Minority groups are denied or restricted in the exercise of freedom of conscience which is seminal and fundamental to all the freedoms of human beings.  Freedom of religion (to profess, practice and propagate) is seriously curtailed or taken off.  Once this happens, the minority groups are normally subjected to lot of abuses and that raises the question of justice.

(ii)   The Issue of Identity and Patriotism

National identity is determined by one’s religious affiliation.  Religious identity determines one’s commitment to one’s nation.  “Hindus are Indians; Indians are Hindus”.  The minority groups are portrayed as enemies, traitors and anti-nationals.  These have grave implications for minorities.  Hate campaigns, carefully cultivated communal hatred, re-written history and communalized curriculum producing generations that hate and oppose minorities, communalized police force, committed judiciary, partisan legislature and an executive that goes by the principle of majoritarinism – these forbade ill for the minority groups.

(iii)  The Issue of Authority in Religion

The question of authority is a major issue for Christians living in a setting of Hindu nationalism.  There is for example the advice and directive of the RSS to reinterpret the Bible and make it more palatable to the majority.  This is a clearly designed attempt to remove the Bible as the source of authority.  Once the foundation is tampered with or destroyed, much of the demolition work is done.

(iv)  The Issue of Theology

Compulsion to revise or modify, if not to totally give up, one’s theology and thus one’s understanding of God is not acceptable to Christians.  Christians want to present Christ as revealed in the Bible and not a Hindu shaped Christ.  Biblical Christology will remain a major critical factor in the context of religious nationalism.

(v)  The Issue of Mission (evangelism, conversion and Christian humanitarian service)

There are anti-conversion laws with stringent provisions to punish the offenders.  As Christian mission is seen to be an anti-national subversive act (converting the nationals into ‘foreigners’ and thus threatening the integrity of the nation) there is stiff opposition to evangelism, social service and conversion.  Even Christian service to the society is viewed as unethical action and as a bait for catching poor gullible people.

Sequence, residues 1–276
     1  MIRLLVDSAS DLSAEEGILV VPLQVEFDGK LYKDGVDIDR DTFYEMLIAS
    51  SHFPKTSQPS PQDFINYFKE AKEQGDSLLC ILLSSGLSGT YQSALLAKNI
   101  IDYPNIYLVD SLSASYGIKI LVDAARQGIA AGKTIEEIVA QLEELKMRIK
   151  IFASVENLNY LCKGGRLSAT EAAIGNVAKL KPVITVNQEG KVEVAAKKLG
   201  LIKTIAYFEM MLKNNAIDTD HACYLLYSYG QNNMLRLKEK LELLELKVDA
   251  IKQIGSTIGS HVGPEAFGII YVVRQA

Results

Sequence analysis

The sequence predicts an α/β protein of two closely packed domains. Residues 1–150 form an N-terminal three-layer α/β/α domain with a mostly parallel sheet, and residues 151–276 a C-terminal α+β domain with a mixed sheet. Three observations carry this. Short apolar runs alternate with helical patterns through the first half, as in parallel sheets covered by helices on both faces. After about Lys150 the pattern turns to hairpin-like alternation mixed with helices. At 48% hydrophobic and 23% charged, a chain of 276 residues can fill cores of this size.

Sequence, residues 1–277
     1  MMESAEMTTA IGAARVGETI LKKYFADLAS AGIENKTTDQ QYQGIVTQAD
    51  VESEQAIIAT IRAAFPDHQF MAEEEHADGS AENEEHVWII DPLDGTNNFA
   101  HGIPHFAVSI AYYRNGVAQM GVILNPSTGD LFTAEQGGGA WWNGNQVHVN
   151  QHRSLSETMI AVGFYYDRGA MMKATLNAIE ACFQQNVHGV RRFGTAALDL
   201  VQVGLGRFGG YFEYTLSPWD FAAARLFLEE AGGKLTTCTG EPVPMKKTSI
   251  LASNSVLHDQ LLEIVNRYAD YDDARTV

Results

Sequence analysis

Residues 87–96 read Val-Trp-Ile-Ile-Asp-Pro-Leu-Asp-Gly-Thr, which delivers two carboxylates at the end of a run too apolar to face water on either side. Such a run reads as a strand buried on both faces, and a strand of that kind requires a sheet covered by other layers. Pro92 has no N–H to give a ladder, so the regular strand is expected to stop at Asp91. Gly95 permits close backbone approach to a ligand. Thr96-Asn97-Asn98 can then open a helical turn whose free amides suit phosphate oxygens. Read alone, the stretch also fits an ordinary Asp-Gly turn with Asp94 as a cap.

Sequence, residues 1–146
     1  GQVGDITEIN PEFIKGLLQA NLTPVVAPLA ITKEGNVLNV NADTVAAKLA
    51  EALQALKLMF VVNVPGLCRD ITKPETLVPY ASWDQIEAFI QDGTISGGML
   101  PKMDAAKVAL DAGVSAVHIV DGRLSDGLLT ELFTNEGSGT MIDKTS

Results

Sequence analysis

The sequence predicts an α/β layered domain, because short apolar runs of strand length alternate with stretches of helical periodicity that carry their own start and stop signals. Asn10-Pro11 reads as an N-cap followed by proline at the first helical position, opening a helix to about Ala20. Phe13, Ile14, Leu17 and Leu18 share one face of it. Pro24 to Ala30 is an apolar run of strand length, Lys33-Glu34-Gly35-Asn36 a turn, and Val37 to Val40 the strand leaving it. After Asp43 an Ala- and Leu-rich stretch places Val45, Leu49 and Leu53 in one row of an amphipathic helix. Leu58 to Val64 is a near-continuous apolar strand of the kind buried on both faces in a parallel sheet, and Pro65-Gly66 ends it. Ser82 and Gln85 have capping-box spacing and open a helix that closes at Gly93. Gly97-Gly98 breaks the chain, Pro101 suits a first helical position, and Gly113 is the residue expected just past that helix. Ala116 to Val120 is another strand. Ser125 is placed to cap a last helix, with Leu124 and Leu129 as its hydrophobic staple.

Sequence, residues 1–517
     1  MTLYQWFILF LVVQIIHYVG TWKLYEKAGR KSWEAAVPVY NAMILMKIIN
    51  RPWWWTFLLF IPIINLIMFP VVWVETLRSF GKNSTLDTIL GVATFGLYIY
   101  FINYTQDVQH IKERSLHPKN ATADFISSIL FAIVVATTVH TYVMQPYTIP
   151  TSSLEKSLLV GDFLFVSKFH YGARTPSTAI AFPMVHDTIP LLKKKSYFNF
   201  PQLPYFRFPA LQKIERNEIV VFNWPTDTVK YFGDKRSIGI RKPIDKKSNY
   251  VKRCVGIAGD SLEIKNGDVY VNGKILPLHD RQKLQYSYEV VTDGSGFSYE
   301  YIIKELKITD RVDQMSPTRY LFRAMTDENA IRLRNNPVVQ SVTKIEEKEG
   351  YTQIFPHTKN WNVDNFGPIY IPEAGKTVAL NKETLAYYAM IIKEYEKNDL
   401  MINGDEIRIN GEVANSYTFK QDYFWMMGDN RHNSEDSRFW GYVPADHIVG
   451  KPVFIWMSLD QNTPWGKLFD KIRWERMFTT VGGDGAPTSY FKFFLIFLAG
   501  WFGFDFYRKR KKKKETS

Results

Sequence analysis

For Christians there is a denial of their constitutional right to propagate.  At the same time the Dalits and other oppressed people are denied their freedom of conscience and the freedom to use conversion as a means of changing their dehumanized condition for human dignity, respect and social mobility.  As Christians we need to give special attention to our language and methods used in mission.  We need to be culturally sensitive, respectful of others and transparent in our motives.  We also should seek to contextualise the gospel in each situation

(vi)  The Issue of Reconciliation and Nation-building

We can exercise the role of peace-makers seeking to bridge the communal gap for promoting harmony and be active in contributing to nation-building process.

(vii)  The Issue of Apologetics

Sensitivity towards the other calls for a commitment to careful apologetics.  Remove potential misunderstandings and misgivings; offer realistic and truthful explanations — be open about our identity, our commitment to the nation, our theology and our mission.

(viii)  The Issue of being a ‘Minority’ and of Martyrdom

The Christian community needs to have a sound theological understanding of what it means to be a ‘minority’ and the issues of martyrdom.


The church faced religious nationalism at a very early stage in its history.  As the ruler of the Roman Empire was seen to be endowed with both political and religious authority not only loyalty was demanded of its citizens but worship.  The early Christian believers had to face persecution.  They were not ready to “give to Caesar…what is God’s.”  When Emperor Constantine in the beginning of the fourth Century made Christianity the official religion of the empire, things changed in a way that it came to have dramatic consequences for the church and the world.  Empire and church, nation state and church came to co-inside to such an extent – politically and theologically – that the difference between the two was blurred.  Eventually the two concepts of people (German: “Volk”) and church (German: “Kirche”) fused into one term (German: “Volkskirche.” Danish/Norwegian: “Folkekirke”) which came to be a common designation of main line churches in central and Northern Europe down to the present.